Apparently my trackbacks aren’t working right now. Otherwise you would see that Tim Challies [graciously included me]( in the conversation on ignorance. That was very nice of him. He doesn’t know me from a stick of butter… (That was funny ha-ha, not funny ho-ho.)

Mostly, though, Tim’s comments struck a chord with me because I’ve had to struggle with anti-intellectualism as an intellectual problem, *a lot*. (There’s an irony up there somewhere, but I’m not going to dig it out for you.) You see, I’m an intellectual. That is, I like to think. I’m a compulsive thinker. And I’m practically immobilized until I have a unifying theory of the universe which explains everything that I do. This is not a joke. If you were privy to the constant thoughts in my head, you’d be bored out of your gourd. You’d be asleep in five minutes. (Please understand that “intellectual” is to be understood as something distinct from “smart.” Smart is how you are supposed to describe somebody like Stephen Hawking, who is supposed to be able to come up with the answers to questions before the rest of us think up the questions. Me, I’m just obsessed with finding answers to questions that nobody even wants to hear about.)

Being intellectual isn’t bad in itself, unless you grow up in an anti-intellectual environment. Then you get these conflicting signals. Here’s what I want to do. And it’s not bad, just useless. Not the main thing. And it could distract you from the main thing. So watch out!

I’m familiar with [Perry Noble’s]( sentiment about “blowing most of [his] classes out of the water” and then finding he didn’t have any practical application from his classes. My mom went through the same thing. The way I understand the story is that she was the highest GPA in all her classes, and then dropped out because it was way too expensive for a hobby. She figured she could “get the same education for $1.95 in late fees from the local public library.” As far as I can tell, she did. But in my mom’s defense, the career she was training for was “mom.” They don’t offer advanced degrees in mom. On the other hand, the fact that Perry was “blowing most of [his] classes out of the water” begs some questions for me at the quality of his seminary. I’m paddling hard at *my* seminary and barely floating a “B” average. And somebody once told me I was “smart.”

But I was raised to think very practically. You don’t get a degree to get an education, I was told. An education is gotten by learning, not by spending thousands of dollars and sitting in a classroom. You get a degree to get a piece of paper. The piece of paper makes people think you’re important, which in turn helps you get a job. Since the job I wanted was something ministry-oriented, that sounded kind of crass. So I went to a [ministry school](, where I learned that I wasn’t practical enough. I was over in la-la land, when they wanted me to start jumping in there, helping people in a practical way. They didn’t flunk me, but let’s just say I failed to achieve anything notable. My guess is tha Perry would have loved it.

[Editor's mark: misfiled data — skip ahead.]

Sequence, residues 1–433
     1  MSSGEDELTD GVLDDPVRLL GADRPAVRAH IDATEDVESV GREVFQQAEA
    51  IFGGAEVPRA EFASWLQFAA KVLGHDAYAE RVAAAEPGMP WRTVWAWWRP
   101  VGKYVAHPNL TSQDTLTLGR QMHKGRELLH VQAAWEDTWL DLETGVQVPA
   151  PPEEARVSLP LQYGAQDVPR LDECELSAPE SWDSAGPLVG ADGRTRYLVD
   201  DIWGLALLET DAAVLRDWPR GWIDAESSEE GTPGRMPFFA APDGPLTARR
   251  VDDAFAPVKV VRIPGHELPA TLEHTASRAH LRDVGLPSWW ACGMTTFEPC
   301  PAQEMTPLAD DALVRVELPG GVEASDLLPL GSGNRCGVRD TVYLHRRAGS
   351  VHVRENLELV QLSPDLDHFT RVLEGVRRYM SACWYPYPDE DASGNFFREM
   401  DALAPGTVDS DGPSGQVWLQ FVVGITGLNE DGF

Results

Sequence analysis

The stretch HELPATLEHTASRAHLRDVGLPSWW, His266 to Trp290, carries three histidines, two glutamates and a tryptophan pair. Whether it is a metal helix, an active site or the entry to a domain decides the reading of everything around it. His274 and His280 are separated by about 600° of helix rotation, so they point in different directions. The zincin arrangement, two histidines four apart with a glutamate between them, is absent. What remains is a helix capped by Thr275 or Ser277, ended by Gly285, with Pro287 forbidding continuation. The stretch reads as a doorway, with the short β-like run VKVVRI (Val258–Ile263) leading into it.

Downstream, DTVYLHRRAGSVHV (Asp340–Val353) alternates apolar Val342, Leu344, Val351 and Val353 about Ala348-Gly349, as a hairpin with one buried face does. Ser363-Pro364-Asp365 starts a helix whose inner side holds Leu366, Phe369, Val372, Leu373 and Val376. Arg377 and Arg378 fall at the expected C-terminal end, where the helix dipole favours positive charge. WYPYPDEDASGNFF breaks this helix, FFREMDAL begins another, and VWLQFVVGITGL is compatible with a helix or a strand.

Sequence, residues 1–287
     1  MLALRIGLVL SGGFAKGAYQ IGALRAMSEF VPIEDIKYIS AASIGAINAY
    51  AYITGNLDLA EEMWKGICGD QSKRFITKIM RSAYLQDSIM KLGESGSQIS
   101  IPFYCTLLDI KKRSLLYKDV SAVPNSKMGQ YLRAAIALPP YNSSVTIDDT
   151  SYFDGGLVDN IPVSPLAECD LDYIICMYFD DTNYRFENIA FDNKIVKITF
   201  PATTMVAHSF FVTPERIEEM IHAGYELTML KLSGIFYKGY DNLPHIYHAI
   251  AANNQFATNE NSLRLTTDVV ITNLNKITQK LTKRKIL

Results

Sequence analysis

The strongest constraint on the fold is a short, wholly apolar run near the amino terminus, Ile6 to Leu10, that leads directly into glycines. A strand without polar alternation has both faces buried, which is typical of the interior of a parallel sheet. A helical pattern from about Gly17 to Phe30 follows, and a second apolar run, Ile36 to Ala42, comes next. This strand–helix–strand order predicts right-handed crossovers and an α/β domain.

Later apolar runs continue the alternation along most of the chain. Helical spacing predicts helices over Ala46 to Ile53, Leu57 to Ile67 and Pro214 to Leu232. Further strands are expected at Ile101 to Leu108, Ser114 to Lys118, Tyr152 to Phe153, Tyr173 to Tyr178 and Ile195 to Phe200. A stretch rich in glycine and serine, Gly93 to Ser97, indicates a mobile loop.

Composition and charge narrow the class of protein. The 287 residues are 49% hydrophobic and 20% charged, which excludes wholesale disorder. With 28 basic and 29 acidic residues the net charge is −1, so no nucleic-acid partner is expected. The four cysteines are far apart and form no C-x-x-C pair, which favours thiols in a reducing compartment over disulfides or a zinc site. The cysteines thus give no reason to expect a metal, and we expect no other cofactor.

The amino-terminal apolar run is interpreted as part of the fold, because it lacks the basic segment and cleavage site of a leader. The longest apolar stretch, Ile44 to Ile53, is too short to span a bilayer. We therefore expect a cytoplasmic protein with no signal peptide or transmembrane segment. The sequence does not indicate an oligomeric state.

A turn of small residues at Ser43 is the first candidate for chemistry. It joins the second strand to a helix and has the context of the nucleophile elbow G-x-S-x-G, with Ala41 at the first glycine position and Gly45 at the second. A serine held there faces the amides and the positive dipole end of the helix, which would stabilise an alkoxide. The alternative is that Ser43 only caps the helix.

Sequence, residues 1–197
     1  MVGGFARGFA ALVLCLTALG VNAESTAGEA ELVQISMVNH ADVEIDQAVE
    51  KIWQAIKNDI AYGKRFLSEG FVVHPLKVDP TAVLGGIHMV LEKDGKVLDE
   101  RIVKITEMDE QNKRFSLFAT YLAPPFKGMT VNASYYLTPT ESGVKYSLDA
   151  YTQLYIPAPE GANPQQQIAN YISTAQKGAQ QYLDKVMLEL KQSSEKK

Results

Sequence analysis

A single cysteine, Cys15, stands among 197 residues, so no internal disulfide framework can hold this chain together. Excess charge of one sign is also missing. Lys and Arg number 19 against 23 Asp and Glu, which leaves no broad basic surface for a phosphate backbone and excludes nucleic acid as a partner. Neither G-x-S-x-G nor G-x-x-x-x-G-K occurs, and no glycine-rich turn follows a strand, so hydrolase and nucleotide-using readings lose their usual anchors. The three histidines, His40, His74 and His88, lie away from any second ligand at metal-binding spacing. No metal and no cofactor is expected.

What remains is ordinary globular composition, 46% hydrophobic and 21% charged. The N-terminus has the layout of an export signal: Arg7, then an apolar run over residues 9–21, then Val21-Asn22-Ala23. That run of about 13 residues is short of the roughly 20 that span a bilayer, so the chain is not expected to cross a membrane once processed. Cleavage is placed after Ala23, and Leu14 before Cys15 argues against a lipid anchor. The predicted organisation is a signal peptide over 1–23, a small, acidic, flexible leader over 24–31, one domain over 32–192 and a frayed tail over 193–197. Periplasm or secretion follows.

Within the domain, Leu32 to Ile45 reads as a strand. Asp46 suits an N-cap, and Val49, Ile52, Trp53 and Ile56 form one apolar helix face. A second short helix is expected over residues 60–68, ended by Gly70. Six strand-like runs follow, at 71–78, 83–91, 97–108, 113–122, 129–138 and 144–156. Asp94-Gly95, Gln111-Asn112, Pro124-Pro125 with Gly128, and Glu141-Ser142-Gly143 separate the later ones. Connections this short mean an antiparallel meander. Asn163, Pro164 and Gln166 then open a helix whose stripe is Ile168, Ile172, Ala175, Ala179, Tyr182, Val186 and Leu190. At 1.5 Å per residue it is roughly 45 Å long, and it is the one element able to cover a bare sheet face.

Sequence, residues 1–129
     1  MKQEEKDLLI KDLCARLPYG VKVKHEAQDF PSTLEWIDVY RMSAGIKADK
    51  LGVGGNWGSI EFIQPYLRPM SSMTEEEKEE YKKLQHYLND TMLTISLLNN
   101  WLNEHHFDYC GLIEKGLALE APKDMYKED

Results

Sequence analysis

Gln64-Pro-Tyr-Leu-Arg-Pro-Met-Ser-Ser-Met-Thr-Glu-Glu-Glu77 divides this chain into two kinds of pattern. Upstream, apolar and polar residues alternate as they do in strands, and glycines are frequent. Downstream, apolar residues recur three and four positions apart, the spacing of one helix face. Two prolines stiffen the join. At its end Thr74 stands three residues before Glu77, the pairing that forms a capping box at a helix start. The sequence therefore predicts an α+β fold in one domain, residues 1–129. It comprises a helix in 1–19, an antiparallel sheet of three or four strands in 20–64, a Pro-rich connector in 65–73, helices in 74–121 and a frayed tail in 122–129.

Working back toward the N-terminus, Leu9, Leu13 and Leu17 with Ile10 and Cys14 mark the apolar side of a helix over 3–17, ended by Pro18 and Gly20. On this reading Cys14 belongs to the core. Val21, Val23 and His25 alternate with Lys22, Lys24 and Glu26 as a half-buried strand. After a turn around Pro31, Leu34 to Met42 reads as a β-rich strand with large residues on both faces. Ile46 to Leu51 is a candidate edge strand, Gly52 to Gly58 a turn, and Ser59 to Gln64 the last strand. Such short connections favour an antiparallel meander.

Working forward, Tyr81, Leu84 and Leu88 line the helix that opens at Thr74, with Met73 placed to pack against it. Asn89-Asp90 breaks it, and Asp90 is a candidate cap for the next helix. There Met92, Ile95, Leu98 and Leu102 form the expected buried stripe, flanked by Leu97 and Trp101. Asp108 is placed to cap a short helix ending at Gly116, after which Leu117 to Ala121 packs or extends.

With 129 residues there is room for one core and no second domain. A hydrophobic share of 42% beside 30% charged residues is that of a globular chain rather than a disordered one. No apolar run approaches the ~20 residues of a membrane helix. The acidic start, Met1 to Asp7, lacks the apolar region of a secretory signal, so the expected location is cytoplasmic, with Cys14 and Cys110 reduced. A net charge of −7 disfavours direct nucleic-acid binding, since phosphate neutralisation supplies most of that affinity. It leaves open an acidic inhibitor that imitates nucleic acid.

But it was in ministry school that anti-intellectualism started to strike me as a kind of intellectual problem. There was a leader there who was wont to point out that you didn’t need a degree to do what he did, and frequently told the story of turning down his dad’s request that he at least go to school before embarking on his call to ministry. You see, education would have done nothing for him other than to diminish his zeal for God. But the problem was, I couldn’t do ministry the way *he* did it, no matter what kind of education I had. I tried. I made a fool of myself. If I don’t have all my ducks in a row and all my theories properly aligned, I say really really dumb things. In the mean time, I *wanted* the education he was disparaging, in and of itself, whether or not it would help me be a big-time preacher on a stage (er, help people).

To make a long story short (too late!), it looks to me like Perry wants to be the kind of electrician who wires houses. Maybe big houses. Maybe he wants to wire a lot of really big houses. But in the end, it seems like his idea of ministry is individual people-empowerment (wiring houses), and it’s not going to be particularly innovative. He may think he’s being innovative, because he knows how to install motion sensors in his light switches, and he’s all up on new grounding techniques, and he knows all about wiring for built in audio-visual systems. But there are thousands of people all over the country who are using these techniques with similar successes, and it’s really only innovative in the sense that it conforms to the times. But if you ask him what he thinks about direct versus alternating current delivery systems and the comparative benefits of coal and nuclear power, he’ll tell you he’s heard about those things and he’s all for those debates, but they’re really beside the point when it comes to actually working with electricity. The important thing is wiring houses.

And to a certain extent he’s right. It doesn’t matter how what form of energy you use if your house isn’t even connected, or worse, if the wiring is bad and likel to burn it down. But it’s no excuse for disparaging the value of education. No matter how well your house is wired, no matter how well you’re equipping people to “get connected with God,” somewhere up the line you need somebody with a higher theoretical knowledge of theology. It isn’t just houses that get wired. Cities get wired as a group, and so do nations. And sometimes, it’s just one misplaced wire, one bad theology, that can knock out the power for an entire region.

Author: KB French

Formerly many things, including theology student, mime, jr. high Latin teacher, and Army logistics officer. Currently in the National Guard, and employed as a civilian... somewhere

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